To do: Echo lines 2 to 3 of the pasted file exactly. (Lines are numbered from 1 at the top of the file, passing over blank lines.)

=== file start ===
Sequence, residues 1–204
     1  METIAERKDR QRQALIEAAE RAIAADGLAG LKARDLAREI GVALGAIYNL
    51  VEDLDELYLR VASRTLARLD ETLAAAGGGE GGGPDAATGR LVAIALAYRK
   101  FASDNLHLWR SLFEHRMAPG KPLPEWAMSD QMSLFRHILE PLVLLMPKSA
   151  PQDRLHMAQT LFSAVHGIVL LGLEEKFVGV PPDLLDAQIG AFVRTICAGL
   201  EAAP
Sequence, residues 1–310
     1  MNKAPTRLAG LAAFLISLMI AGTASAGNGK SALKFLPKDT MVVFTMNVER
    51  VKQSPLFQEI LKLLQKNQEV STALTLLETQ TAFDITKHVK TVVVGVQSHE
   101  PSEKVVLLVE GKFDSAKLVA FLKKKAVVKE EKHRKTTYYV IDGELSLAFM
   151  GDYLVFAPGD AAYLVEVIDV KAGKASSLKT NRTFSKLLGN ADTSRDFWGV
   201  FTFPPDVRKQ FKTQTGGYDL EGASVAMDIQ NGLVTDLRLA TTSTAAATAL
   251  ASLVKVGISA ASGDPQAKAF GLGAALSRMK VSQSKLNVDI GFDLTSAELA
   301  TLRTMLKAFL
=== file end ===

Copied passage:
     1  METIAERKDR QRQALIEAAE RAIAADGLAG LKARDLAREI GVALGAIYNL
    51  VEDLDELYLR VASRTLARLD ETLAAAGGGE GGGPDAATGR LVAIALAYRK